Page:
While many people believe that color photography is a relatively new invention, due to the fact that it was not very common until the 1960s and 70s. You may be surprised to find out that high-quality original color photos exist from over 100 years ago!
The man you see in the original color photo above is Russian chemist Sergey Prokudin-Gorsky. Prokudin-Gorsky was a pioneer in techniques that would produce highly detailed color photos in the early 1900s. While not the inventor, he developed and mastered the process that was first suggested and demonstrated by people as early as the 1850s.
The simple way to explain the process is that three black and white photographs are taken through a red filter, a blue filter, and a green filter, and when the three photos are projected together, a color image is formed. This is a very simplified explanation but it gives you a small idea as to how Prokudin-Gorsky could take color photos over 100 years ago!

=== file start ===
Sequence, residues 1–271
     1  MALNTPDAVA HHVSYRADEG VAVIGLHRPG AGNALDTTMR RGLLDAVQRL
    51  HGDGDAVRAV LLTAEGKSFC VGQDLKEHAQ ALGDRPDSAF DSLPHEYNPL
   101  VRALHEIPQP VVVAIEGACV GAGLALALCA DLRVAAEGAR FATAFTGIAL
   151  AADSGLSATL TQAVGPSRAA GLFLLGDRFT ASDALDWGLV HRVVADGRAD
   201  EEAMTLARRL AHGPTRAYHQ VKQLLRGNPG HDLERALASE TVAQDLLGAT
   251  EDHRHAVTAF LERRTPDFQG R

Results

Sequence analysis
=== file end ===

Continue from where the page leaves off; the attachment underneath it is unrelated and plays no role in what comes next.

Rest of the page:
At the request of the Emperor of the Russian Empire, Nicholas II, from 1909 to 1915, Sergey Prokudin-Gorsky traveled across the Russian Empire on a railroad car documenting the regions he passed through by producing original color photos.
Below you can get a unique insight into the Russian Empire on the eve of World War I and its subsequent collapse during the Russian Revolution. Here is a selection of Sergey Prokudin-Gorsky’s rare color photos taken throughout the 1910s and covering a range of subjects.
The People of the Russian Empire
Buildings of the Russian Empire
More original color photos by Sergey Prokudin-Gorsky of the Russian Empire from 1909-1915 can be found in the Prokudin-Gorskii Collection on the Library of Congress website.